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No Money Down

Gary Foreman Gary Foreman is a former Certified Financial Planner (CFP) who currently writes about family finances and edits The Dollar Stretcher. You'll find hundreds of FREE articles to stretch your day and your budget!

Hi Gary,

I see a guy on TV all the time. He says that you can buy a home with no money down and then come from closing with money in your pocket. Supposedly people buy homes and make millions a year. Do you know about this? How this could be done? Is it worth the 3 payments of $59.99? Or is it a scam?


Sure sounds tempting. You walk in with nothing, sign some papers and walk out with cash and the keys to a house. And, you can do it over and over until you make a million!

Much as we’d all like to believe that the road to riches was that easy, it’s not. Yes, you can make a million in real estate. And some people have started with nothing and built an empire. But, it’s not easy and certainly not a sure thing.

A quick disclaimer. I have not seen this specific course. But similar courses pop up anytime that the housing market is hot for awhile. And unless this guy has discovered something that no one else has tried before, you don’t need his course. Here’s the $180 secret. It’s called leverage.

Borrowing money to invest isn’t new. People who buy stocks on margin or play the commodities markets do it every day. It is interesting to note that there are limits as to how much they can borrow. The regulators know that if you borrow too much it’s dangerous.

I’m not saying that this strategy hasn’t worked for anyone. It has. Given the right set of circumstances you can borrow money to buy an asset, have that asset appreciate and sell it for a profit.

Here’s how it’s done. Suppose you buy a home for $100,000 and pay cash. Three years pass and the house is now worth $150,000. You sell it and make $50,000 on your original $100,000 investment. That’s a 50% return in just three years.

What happens if you had taken out a mortgage. Suppose that you put $10,000 down. Again, three years later you sell it for a $50,000 profit. But this time that’s a 500% return on your original $10,000 investment. The reason is that you were making money on borrowed money. That’s called leverage.

Could you go in with 0% down and make that profit without putting any of your money up? Yes, if you could find someone willing to lend you 100% of the purchase and the house appreciated 50% over three years you could indeed make $50,000 without putting up your own money.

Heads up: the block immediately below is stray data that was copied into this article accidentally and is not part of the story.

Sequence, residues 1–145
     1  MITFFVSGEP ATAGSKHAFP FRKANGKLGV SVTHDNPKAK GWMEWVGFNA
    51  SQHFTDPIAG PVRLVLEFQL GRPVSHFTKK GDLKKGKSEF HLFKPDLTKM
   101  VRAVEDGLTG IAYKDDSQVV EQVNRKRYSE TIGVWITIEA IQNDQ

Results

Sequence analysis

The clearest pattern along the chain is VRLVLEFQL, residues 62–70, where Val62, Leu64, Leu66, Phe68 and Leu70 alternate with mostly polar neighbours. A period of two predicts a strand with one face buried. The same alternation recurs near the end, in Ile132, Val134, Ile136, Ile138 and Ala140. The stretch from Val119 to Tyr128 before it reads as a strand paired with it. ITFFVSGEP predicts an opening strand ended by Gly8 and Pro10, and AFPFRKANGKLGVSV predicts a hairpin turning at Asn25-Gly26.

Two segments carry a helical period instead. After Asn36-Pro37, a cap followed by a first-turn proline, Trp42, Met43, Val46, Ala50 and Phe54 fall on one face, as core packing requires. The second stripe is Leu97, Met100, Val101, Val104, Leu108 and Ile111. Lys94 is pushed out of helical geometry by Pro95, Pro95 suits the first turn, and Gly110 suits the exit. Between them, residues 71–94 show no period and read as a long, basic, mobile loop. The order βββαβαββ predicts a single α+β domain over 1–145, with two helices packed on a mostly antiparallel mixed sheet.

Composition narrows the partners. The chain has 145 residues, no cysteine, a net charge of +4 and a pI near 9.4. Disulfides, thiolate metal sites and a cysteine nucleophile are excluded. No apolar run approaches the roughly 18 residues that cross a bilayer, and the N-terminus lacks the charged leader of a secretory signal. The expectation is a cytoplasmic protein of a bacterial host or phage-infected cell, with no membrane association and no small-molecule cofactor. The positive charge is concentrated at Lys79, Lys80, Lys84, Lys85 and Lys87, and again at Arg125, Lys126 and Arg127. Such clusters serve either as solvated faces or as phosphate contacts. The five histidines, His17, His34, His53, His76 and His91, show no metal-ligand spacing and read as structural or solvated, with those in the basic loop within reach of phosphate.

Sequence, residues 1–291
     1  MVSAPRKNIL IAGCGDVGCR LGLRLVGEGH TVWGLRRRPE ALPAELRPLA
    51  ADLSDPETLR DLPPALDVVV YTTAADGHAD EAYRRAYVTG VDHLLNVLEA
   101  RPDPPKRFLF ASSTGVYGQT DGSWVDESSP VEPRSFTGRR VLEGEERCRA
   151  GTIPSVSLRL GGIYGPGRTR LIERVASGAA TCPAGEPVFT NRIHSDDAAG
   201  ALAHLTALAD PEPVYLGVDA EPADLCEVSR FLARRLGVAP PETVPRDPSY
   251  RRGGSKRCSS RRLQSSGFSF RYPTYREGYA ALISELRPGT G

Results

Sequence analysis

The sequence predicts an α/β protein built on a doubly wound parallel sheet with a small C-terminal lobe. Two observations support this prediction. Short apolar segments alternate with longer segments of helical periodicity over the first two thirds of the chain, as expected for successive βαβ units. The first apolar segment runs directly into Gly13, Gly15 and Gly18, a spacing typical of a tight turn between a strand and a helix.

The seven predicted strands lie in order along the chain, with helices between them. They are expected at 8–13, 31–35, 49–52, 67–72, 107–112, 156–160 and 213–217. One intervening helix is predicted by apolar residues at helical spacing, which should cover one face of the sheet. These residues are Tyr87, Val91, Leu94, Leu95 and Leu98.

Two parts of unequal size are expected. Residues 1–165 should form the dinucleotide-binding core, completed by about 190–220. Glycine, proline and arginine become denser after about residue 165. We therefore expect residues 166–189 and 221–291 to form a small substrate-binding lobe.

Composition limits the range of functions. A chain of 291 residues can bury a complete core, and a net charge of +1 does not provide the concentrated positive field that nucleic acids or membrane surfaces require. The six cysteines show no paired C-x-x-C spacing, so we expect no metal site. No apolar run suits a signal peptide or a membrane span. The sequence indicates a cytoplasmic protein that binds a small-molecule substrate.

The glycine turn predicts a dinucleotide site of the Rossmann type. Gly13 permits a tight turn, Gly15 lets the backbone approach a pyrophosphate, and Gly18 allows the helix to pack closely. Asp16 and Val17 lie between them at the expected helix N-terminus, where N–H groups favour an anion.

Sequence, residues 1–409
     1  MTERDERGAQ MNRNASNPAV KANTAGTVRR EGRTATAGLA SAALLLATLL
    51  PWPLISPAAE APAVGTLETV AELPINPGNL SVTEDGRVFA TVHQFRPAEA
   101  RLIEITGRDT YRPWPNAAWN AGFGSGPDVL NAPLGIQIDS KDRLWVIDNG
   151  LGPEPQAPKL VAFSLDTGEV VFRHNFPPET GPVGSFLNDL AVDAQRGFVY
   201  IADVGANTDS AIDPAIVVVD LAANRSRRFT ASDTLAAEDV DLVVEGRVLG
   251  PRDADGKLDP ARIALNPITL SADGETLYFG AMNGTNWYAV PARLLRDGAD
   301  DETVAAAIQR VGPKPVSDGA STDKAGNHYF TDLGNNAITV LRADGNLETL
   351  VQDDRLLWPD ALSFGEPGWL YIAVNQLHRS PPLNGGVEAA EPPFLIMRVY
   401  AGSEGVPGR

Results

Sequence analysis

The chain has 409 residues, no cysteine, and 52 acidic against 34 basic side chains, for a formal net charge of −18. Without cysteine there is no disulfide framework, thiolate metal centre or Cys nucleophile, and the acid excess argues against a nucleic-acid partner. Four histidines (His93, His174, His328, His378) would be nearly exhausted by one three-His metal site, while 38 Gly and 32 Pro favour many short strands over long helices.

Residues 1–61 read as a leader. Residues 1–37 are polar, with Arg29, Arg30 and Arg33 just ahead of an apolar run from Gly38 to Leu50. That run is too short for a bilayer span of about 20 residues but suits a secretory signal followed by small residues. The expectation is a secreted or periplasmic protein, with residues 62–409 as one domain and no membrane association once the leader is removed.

So if it’s so easy why shouldn’t Kevin jump right in? There are a couple of reasons.

The first problem is higher payments because Kevin is financing more than the value of the house. He’ll probably also pay a higher interest rate because he didn’t have a down payment. That means less money for food, health, auto and other routine expenses.

The second problem is that he’s locked into the home. Unless he’s willing to write a check at closing, he won’t be able to sell until the house is worth more than the loan.

Suppose he takes out a 7%, 30 year mortgage for $103,000. His regular monthly payments won’t reduce the principal to under $100,000 for nearly 3 years. So he’s literally trapped in the house until it appreciates.

And, contrary to popular belief, home prices can go down. If home prices drop by 10% Kevin’s house will be worth $90,000. It will be 9 years before Kevin’s mortgage drops to that level.

Another potential problem is that Kevin’s lender will be quicker to foreclose. They count on the value of the house guaranteeing the loan. They can’t afford to let Kevin miss payments if the loan is bigger than the house’s value.

Finally, can he use this strategy to buy more properties? Typically you want income property to pay for itself and leave some extra income for you. Using this method the higher mortgage payments will make it hard to build equity or have a positive cash flow. And, landlord Kevin can expect some repairs, late rental payments and the occasional vacancy. Unless he has cash to ride out these storms, any problem could make him late with his mortgage payment. And that’s when things start to unravel.

Kevin could consider other alternatives. There are some safe, predictable strategies that have worked for years. One possibility is to start with a duplex. Live in one side and rent out the other. It’s a good way to live inexpensively and build equity at the same time.

Or buy a fixer-upper. Quite often a few dollars in cleaning, paint and repairs can add thousands to the value of a home. And a cheaper home means a smaller mortgage. Kevin will enjoy the lower payments and build equity more quickly. He’ll also be able to sell and move any time he wants.

One final thought. Have you ever wondered about guys who claim to have made millions and go on TV? Why would someone so wealthy charge so much for workbooks, tapes and cassettes? Call me skeptical, but I think they know that it’s easier to take your $180 than to make money in real estate.

This entry was posted in Earning Income, Financial Planning, Protecting Your Money, Question and Answer. Bookmark the permalink. Read more articles by Gary Foreman. (Also see articles by all authors and articles in all categories.)

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